Asked about the unusual, up-and-down nature of that inning in the bullpen, Collins insisted it wasn’t a problem.
“I don’t think there’s anything normal in the bullpen,” the lefty said. “Those are situations you just have to adjust to. Being a bullpen guy, sometimes you’re gonna get up and sit down, get up and sit down. It’s just a matter of not flipping the switch off when you have to sit down. That’s certainly not an excuse for what happened today. Just a matter of executing pitches. Shouldn’t happen.”
What did happen was this: The first pitch Collins threw to pinch-hitter Hernán Pérez sailed to the backstop. He would then walk Pérez on four pitches to load the bases. And then, after falling behind 2-0 to Christian Yelich, he served up a grand slam that left many in the crowd of 33,032 booing.
“I think today was just a rough day,” said Collins, who also walked Travis Shaw on five pitches following the grand slam and wound up throwing only 4-of-16 overall pitches for strikes. “Unfortunately, in my position, you can’t afford to have those days. Just one of those days. I didn’t come in and execute my pitches, and it resulted in what happened.”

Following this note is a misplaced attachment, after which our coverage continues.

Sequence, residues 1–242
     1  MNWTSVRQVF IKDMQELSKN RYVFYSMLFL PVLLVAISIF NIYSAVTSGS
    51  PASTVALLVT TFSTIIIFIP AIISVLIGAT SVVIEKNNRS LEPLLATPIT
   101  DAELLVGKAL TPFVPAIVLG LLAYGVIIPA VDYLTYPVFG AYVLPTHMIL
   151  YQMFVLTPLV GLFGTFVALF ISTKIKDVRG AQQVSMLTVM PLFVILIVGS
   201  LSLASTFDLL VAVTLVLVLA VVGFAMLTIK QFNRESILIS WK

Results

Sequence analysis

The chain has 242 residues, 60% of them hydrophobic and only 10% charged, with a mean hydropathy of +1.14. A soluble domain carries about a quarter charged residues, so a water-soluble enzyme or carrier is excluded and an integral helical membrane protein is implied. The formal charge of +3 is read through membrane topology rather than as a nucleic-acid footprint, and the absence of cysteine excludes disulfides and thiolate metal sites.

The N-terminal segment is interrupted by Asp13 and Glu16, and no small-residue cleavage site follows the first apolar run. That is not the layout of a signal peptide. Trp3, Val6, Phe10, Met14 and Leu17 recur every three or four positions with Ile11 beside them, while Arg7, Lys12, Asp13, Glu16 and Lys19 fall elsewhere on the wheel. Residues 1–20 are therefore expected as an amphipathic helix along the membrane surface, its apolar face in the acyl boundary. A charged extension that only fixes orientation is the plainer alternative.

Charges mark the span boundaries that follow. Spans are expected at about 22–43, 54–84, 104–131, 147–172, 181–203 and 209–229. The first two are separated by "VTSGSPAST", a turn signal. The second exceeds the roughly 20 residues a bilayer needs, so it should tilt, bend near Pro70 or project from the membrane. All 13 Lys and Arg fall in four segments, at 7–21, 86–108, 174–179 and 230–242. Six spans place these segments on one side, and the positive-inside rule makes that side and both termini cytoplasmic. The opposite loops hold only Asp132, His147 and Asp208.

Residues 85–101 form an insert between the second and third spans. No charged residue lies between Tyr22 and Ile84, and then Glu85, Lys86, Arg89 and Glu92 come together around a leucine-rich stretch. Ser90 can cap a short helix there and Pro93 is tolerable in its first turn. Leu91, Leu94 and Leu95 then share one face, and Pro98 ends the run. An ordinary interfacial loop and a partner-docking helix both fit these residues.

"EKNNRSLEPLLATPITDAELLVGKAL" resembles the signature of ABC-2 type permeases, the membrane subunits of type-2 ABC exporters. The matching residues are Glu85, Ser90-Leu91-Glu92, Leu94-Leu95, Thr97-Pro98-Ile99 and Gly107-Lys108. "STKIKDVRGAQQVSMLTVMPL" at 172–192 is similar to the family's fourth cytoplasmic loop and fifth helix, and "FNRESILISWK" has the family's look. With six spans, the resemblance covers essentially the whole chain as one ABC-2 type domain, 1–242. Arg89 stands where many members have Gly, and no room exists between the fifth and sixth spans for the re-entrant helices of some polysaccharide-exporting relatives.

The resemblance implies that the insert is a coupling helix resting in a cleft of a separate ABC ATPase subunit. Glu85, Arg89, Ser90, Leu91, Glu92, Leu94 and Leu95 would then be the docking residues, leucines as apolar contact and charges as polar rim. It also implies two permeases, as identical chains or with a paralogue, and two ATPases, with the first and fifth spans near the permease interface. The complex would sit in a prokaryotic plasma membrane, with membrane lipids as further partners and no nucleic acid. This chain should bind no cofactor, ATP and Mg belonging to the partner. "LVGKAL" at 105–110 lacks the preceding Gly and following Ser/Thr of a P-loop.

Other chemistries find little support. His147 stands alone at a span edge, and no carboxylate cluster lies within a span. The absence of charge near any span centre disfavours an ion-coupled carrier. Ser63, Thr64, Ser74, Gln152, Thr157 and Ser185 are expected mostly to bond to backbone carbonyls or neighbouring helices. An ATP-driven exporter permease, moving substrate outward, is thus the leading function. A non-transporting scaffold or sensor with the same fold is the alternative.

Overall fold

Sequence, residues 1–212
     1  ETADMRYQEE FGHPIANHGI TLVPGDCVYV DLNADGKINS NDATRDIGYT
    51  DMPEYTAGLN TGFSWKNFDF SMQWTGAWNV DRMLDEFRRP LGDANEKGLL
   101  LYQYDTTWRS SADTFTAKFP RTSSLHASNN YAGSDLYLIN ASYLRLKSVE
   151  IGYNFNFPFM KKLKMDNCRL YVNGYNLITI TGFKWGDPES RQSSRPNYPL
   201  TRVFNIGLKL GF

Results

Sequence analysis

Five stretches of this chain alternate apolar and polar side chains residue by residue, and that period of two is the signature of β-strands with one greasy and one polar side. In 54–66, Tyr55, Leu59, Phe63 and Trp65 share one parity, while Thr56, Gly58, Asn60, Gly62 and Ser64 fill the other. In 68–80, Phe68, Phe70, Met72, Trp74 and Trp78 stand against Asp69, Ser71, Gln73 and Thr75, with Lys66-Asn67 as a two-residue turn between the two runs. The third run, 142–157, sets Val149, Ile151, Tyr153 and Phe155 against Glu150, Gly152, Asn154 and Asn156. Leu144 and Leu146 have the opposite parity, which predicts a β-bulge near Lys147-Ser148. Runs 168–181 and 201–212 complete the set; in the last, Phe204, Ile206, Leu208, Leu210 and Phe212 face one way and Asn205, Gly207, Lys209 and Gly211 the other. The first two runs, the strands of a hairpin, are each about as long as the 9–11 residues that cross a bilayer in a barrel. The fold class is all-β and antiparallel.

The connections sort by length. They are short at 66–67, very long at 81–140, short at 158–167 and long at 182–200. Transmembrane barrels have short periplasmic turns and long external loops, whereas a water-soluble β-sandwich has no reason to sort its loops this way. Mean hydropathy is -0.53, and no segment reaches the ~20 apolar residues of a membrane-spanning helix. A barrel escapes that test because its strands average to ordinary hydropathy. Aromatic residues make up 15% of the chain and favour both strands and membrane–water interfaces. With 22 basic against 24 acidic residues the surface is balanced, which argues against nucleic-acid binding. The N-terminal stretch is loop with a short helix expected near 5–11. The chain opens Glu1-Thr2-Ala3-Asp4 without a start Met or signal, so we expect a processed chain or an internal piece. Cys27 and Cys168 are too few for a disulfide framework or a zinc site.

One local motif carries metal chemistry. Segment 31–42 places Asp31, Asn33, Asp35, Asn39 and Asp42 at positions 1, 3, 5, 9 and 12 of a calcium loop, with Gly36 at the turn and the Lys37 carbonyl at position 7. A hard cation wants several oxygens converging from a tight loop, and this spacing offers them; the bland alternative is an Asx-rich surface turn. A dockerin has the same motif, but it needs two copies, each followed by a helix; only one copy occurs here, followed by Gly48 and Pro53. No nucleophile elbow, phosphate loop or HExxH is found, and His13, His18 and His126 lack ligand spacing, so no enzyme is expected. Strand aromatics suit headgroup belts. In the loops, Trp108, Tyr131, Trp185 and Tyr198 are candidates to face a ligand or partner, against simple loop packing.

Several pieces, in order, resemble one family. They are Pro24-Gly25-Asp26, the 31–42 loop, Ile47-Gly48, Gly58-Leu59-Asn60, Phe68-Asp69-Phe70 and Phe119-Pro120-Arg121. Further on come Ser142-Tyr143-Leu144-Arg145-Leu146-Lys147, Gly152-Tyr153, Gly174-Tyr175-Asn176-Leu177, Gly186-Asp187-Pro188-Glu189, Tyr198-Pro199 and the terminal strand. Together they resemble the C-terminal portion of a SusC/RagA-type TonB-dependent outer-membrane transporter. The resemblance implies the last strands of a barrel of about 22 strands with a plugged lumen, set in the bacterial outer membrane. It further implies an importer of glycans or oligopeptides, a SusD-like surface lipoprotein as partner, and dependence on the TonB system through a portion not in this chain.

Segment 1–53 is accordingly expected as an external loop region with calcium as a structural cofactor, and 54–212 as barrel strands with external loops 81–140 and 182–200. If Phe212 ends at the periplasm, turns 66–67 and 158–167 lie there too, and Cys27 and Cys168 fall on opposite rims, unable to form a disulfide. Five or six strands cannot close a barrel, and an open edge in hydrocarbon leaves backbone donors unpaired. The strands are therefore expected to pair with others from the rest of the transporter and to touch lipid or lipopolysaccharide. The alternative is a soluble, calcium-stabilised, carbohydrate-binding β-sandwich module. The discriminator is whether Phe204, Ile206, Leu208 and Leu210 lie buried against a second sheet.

Williams, meanwhile, warmed up twice in the fifth but did not pitch. He finally entered for the top of the sixth and proceeded to toss two scoreless innings in a major league debut that was satisfying personally but meant little his team’s chances of winning this game.
It should be noted the Nationals bullpen was not at full strength today. Martinez said after the game that Jimmy Cordero and Matt Grace (who both pitched both Friday and Saturday) were unavailable. So was Wander Suero, who took a comebacker off his left hand on Saturday night. Martinez wanted to avoid using Koda Glover, but he wound up pitching the top of the ninth out of necessity.
The options at the manager’s disposal were far from ideal. As has often been the case this season.
But the management of those who were available was far from ideal as well. As has sometimes been the case this season.